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Christopher Elliott (psychcle) wrote,
@ 2004-02-06 16:03:00
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    Before I begin, I'd like to thank crushedsodacan (very original name) for their comment on my earlier update. Thanks!

    This week I had the privilege of having an in-depth conversation with a psychology professor of mine and the topic of identity popped up during our chat. We discussed this for a short while and then moved on to another subject. However, after I left his office, I began to ponder the fascinating topic of identity and, because of that, I felt motivated to do a bit of research.

    When I speak of "identity" I'm not talking about someone's name, address or phone number. I'm speaking more along the lines of who someone sees themselves as. I'm talking about a person's view of themselves. The more research I did, the more I found out exactly how important our view of ourseves really is when it comes to accomplishing our goals and overcoming certain obstacles.

    Maxwell Maltz was a very successful plastic surgeon in the 1960's. He began to discover that after he completed a successful operation, the patient would begin to accomplish things that they never had before due to their new view of themselves. However, he also noticed that those who were severely misfigured before the surgery and, because of this, had an extremely low opinion of themselves, saw very little change in the way they performed in everyday life. He believed this was because they had been CONDITIONED to see themselves as not worthy or capable of accomplishing very much, even though they had a whole new physical appearance.

    So what does this little "history lesson " teach us about our identity and our accomplishments? Well, what Dr. Maltz learned through his obsevations was that our self image is absolutely crucial in determining what we are capable of achieving. In other words, everything you do (and I do mean EVERYTHING) is determined by who you see yourself as and what you believe you are capable of accomplishing. You might say, "C'mon Chris, you mean to tell me that if I decide to go to the store and get a pack of gum it's because of who I think I am? Get real!" And I'd say, "I AM real." You see, you get up off your duff and go get a pack of gum because you know that you are plenty capable of doing so. There are people in this world who are absolutely terrorfied of leaving their house just to check the mail, and the only reason is because they are uncertain as to whether or not they are capable of doing so. This is directly related to how they see themselves. Even if the reason that they stay indoors twenty-four hours a day is because they are simply scared to death that something will happen to them if they go outside, this phobia is directly linked to them viewing themselves as someone who couldn't handle whatever might come their way. When you get right down to it, your self image governs ALL of your actions.

    So, as always, the question is: how can we USE this? Well, the fact that you realize this is already powerful ammunition in conquering your fears and deciding to go after whatever it is you've been putting off. The reason for this is that once you know the cause of something, you are then able to stop yourself when you are about to do that thing you dread or talk yourself out of going through with whatever it is you've been putting off, and say to yourself, " Hey, the only reason that I'm not doing this or that is because I don't see myself as someone who is capable." Those who have a view of themselves as someone who does great things or who goes after what it is they want, have no problem doing just that.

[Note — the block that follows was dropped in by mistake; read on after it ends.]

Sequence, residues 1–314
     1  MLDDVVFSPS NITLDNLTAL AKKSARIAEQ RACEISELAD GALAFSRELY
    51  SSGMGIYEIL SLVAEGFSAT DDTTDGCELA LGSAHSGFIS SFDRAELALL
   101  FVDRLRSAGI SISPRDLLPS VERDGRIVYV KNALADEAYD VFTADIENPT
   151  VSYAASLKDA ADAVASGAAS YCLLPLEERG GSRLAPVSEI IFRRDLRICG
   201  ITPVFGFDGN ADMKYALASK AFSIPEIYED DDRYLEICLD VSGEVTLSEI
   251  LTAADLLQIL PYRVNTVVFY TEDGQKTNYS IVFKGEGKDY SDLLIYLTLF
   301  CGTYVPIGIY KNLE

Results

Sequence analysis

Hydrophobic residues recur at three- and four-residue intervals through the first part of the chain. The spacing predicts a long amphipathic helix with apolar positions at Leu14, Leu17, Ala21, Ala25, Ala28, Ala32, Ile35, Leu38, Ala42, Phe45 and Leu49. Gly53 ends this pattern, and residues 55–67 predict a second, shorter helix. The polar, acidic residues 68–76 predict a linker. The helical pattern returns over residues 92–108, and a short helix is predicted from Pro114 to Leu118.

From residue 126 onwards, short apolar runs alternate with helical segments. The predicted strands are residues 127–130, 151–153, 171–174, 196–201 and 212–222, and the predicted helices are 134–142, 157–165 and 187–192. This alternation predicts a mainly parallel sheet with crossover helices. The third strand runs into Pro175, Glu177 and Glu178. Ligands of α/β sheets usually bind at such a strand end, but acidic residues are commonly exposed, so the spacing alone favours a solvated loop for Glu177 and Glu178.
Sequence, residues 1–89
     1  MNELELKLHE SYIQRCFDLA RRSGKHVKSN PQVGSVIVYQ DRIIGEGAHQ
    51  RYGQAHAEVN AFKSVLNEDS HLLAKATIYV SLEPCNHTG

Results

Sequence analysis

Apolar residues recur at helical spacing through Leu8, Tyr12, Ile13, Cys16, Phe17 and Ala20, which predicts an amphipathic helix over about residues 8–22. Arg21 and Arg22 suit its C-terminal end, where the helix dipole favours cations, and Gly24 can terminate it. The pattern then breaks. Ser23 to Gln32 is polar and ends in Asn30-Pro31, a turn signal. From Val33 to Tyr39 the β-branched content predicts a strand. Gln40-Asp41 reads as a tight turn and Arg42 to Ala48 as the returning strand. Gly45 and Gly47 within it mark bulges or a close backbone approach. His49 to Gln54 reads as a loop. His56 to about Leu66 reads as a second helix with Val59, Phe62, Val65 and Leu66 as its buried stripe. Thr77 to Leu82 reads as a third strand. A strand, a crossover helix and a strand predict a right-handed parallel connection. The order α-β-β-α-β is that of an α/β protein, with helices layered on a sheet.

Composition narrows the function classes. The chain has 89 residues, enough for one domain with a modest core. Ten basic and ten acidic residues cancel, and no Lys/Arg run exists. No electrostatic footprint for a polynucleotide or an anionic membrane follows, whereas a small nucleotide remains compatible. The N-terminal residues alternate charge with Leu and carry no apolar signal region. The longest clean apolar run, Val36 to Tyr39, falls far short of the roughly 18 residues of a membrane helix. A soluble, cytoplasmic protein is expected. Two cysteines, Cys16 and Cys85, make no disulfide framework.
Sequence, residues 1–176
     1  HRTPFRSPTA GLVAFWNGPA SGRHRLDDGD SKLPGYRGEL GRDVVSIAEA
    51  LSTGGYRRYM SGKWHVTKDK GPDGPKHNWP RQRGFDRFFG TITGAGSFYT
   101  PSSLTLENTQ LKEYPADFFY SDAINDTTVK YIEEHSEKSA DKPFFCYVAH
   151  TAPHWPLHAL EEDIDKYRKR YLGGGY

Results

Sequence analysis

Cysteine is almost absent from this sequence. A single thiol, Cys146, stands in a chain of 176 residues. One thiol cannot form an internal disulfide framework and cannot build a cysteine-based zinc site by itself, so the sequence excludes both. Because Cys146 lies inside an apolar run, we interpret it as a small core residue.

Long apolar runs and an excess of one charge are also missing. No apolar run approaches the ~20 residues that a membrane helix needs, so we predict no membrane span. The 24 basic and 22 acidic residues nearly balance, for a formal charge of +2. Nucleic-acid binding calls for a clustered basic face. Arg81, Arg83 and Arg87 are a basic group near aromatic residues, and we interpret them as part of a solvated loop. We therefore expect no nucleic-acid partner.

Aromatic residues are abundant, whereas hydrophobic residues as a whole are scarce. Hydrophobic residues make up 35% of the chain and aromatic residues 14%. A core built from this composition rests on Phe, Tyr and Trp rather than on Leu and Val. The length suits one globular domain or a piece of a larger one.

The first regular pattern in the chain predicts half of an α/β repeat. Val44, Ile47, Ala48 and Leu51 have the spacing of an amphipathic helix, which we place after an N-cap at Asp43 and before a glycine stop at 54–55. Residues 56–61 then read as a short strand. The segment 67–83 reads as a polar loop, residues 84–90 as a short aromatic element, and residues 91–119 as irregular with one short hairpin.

One of the secrets to changing the identity you have for yourself is to simply say,"I'm the type of person who does that." For instance, if you are starting an execise program and want to stick with it, then tell yourself and others,"I'm someone who stays in shape." Notice how I didn't say something like,"I'm trying to stay in shape," or "I'm starting a work-out program." We made our statement part of our identity. In essence we said," This is the type of person I am...no exceptions." Once you, as well as other people, start to see yourself as a person who's actions are consistant with who you are, you will start to follow through with your commitments to yourself because people do what is directly tied to who they are.

    Anyway...food for thought. If you or anyone else reads this and would like to comment on what I have written, please don't hesitate to leave your comments, even if you'd like to hit me with a bit of critisizm. Once again, thanks for your interest.


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You
(Anonymous)
2004-02-13 13:51 (link)

Heh...you sound like a conformist. How does it feel living in a box?

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Good grief!
(Anonymous)
2004-02-27 13:34 (link)
Man update! Don't tell me you have no time, cuz I happen to know you don't do diddley at work ;P`

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